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    C-SPAN PRESIDENT OBAMA IMMIGRATION AND BORDER SECURITY ADDRESS CHICAGO 
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    PRESIDENT OBAMA IMMIGRATION AND BORDER SECURITY SPEECH 

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    PRESIDENT OBAMA IMMIGRATION AND BORDER SECURITY ADDRESS 

  • IMG_0415PRESIDENT OBAMA IMMIGRATION AND BORDER SECURITY SPEECH 

  • 11312976_10100289780739434_8050159613845089256_oChief Judge of the Cook County Circuit Court Timothy C. Evans

  • 193011_588015780064_6250245_oIllinois Supreme Court Justice Anne Marie Burke

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    Michigan Supreme Court Justice

    Richard H. Bernstein

  • 10422939_10100228820823594_4904883766803564933_nCOOK COUNTY CIRCUIT COURT CLERK DORTHY BROWN

  • 988273_886554775524_677852516_nState Rep. Maria Antonia “Toni” Berrios

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    NICK CANNON

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    30th Ward Alderman Ariel E. Reboyras

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    ATTORNEY BERNARD HAMMER

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    Homaro “Omar” Cantu Jr. 

  • 1044455_10100232227396794_2675253350206384148_nRonnie “Woo Woo” Wickers

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    Johnnie Lee Savory

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    SWAGG DINERO 

  • IMG_0196
  • 420746_700523633424_2026884579_nCLERK OF THE CIRCUIT COURT OF COOK COUNTY DORTHY BROWN

PEOPLE V. RAYMOND PALOMINO

REDUCED TO MISDEAMNOR

During the case Raymond benefited from a new state law that allows 17-year-olds facing felony charges to remain in juvenile rather than adult court. After filing a motion arguing his case should be transferred to juvenile court, prosecutors approached us with the offer of dropping felony charges and accepting a misdemeanor plea in exchange for the 364 days his client had already spent on electronic monitoring, Usharovich said.

CLICK HER FOR CNN COVERAGE

PEOPLE V. LYNDELL WAFFORD


MOTION TO DISMISS GRANTED

There were indications that Wafford made purchases at several different cash registers at Wal-Mart, all on Sept. 24, according to the records. In those instances, he used the $100 bills to make small purchases for which he received change, they say.

Other businesses due to receive part of the restitution ordered in the case are Dollar Tree, Murphy Oil, McDonald's and First Neighbor Bank in Charleston and Little Mexico and Alexander Auto Parts in Mattoon.

On the motion to dismiss the felony charges, Coles County Circuit Judge Teresa Righter agreed with the contentions from defense attorney Ilia Usharovich of Wheeling.

READ THE FULL ARTICLE HERE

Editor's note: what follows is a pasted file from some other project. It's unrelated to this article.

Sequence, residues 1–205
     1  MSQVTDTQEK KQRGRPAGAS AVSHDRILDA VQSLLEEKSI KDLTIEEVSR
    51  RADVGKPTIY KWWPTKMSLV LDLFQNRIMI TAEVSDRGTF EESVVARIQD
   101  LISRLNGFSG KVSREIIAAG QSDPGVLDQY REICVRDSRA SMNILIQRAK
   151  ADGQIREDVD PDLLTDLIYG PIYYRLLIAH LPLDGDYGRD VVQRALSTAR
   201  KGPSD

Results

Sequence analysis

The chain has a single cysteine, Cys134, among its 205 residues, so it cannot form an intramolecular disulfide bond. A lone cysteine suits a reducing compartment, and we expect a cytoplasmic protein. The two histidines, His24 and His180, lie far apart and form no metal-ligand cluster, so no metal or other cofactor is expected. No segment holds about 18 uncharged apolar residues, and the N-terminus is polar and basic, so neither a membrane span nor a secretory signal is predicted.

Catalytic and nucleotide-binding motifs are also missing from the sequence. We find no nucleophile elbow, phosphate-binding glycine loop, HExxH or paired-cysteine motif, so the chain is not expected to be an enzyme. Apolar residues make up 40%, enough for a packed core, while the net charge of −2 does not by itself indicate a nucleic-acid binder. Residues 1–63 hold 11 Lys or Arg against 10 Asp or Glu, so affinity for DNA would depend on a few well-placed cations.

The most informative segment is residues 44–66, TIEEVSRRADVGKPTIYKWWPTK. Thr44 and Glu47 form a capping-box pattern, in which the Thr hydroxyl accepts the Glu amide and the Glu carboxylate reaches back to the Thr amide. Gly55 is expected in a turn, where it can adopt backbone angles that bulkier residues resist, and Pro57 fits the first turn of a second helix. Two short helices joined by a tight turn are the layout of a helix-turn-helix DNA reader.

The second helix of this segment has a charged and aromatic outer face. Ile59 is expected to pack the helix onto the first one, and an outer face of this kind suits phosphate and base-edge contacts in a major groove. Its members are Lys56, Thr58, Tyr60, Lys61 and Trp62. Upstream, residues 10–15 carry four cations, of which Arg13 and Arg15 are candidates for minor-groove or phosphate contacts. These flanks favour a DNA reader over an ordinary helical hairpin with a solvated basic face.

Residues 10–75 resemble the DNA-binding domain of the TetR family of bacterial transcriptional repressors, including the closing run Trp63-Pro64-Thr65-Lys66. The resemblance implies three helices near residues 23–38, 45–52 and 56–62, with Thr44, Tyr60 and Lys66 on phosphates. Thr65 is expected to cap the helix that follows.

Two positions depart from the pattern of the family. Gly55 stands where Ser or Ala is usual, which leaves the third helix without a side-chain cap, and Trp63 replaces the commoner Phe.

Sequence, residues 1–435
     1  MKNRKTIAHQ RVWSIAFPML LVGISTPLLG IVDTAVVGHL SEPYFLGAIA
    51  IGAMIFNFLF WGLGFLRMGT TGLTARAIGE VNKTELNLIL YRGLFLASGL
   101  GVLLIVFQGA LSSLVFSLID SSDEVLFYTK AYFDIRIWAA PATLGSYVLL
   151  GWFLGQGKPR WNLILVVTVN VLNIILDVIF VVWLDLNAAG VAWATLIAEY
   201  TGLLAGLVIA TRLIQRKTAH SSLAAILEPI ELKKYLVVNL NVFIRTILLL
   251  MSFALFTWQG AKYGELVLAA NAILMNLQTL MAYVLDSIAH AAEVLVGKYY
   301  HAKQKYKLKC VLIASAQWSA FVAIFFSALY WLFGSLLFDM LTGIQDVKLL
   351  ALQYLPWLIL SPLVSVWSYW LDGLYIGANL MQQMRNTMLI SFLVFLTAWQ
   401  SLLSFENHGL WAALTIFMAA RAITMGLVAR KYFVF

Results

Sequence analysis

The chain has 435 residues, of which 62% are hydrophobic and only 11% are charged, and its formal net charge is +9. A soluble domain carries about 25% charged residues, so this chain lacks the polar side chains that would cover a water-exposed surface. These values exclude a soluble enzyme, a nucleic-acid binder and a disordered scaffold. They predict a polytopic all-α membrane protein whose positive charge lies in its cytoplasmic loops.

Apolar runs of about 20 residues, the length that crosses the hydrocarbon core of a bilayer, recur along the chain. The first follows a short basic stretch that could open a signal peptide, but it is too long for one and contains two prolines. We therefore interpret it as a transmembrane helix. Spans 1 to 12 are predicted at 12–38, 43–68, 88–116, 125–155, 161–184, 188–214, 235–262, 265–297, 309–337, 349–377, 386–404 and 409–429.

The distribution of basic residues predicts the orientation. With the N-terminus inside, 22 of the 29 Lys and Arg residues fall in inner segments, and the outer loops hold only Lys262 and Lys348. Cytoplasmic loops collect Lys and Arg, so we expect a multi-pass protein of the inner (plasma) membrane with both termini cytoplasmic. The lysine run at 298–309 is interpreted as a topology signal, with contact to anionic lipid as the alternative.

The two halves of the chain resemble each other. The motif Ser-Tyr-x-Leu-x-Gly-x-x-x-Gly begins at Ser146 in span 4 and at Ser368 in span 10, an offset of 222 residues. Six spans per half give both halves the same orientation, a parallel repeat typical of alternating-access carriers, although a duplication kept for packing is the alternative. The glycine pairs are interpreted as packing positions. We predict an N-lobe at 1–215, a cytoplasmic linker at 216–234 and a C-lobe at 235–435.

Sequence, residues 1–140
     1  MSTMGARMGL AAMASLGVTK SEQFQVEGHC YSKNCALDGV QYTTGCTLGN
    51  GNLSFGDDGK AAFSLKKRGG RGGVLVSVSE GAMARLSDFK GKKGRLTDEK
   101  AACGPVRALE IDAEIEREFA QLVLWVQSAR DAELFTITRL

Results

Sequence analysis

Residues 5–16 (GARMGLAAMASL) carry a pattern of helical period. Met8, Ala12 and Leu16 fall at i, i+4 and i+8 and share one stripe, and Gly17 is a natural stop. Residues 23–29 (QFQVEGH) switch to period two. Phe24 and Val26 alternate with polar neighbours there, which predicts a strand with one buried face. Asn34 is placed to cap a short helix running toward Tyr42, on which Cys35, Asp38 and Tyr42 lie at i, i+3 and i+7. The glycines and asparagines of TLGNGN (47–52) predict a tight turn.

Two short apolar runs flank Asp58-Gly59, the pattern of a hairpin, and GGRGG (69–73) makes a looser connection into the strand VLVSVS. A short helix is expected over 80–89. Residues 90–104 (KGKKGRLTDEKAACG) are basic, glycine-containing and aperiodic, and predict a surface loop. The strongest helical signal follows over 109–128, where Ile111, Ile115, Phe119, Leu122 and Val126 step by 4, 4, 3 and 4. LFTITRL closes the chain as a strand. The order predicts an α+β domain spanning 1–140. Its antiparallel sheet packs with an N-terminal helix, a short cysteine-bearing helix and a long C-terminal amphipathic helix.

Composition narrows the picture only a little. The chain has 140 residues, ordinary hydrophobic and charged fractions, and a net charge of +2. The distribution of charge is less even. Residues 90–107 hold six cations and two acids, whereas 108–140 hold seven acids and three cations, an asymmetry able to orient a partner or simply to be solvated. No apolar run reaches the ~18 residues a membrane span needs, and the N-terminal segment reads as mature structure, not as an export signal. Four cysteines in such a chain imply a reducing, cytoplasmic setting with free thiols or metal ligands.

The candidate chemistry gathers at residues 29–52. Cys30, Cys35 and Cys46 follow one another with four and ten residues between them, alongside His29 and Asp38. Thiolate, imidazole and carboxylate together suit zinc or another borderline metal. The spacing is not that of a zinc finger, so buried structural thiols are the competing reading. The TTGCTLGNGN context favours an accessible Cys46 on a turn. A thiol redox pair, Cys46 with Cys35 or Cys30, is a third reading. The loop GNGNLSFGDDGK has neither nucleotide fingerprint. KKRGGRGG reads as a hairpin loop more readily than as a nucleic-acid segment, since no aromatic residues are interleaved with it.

PEOPLE V. RIZZO


LAW AMENDED AFTER BEING HELD UNCONSTITUIONAL

"In 2013, Vincent Rizzo was charged with aggravated speeding for allegedly driving 100 miles per hour in a 55 mph speed zone, and with improper lane usage for allegedly cutting in between two semi-trucks at a high rate of speed. At the time, supervision was not an available disposition for those who drove more than 40 miles per hour over the speed limit. Rizzo's counsel, however, persuaded the trial court that denying a driver of the possibility of supervision was unconstitutional. While noting that the Legislature has a legitimate interest in enacting legislation that defines and criminalizes excessive speeding, the circuit court found that denying a defendant the dispositional option of court supervision for speeding more than 40 mph over the speed limit was "cruel and degrading punishment." Notable was the trial court's concern that the Legislature was interfering
with a judge's ability to exercise discretion in imposing sentence.

On direct appeal, the Illinois Supreme Court reversed the trial court. People v. Rizzo, 2016 IL 118599.

Specially concurring, Justice Burke, with whom Justice Freeman joined, agreed with the result, but wrote that because the absence of supervision as a possible disposition is not a penalty, the only question that needed to be addressed was whether a mandatory misdemeanor penalty for the offense of aggravated speeding was so cruel and degrading to the offense that it shocked the moral sense of the community and thereby violated the proportionate penalty clause shocked the moral sense of the community. Justice Burke also stated a concern that the majority had been heavy-handed in its criticism of the trial judge. Justice Burke noted the circuit court's expressed concern about the inability to consider supervision for someone who, for example, was speeding because of a medical emergency, and observed that the Legislature had, as this case was pending, amended the relevant statutes to make supervision an optional disposition for first offenders." By Jay Wiegman, Office of the State Appellate Defender

READ THE FULL ARTICLE HERE

DISCOUNT INN V. CITY OF CHICAGO

WALLSTREET JOURNAL

EXCESSIVE WEEDS

"An attorney for Discount Inn, Ilia Usharovich, said the Seventh Circuit consented to a troubling expansion of the government powers. He said the trial and appellate courts dismissed his client’s Eighth Amendment claim without “a factual analysis to determine if” the fines are excessive. He said he plans to ask the U.S. Supreme Court to hear the case."

READ THE FULL ARTICLE HERE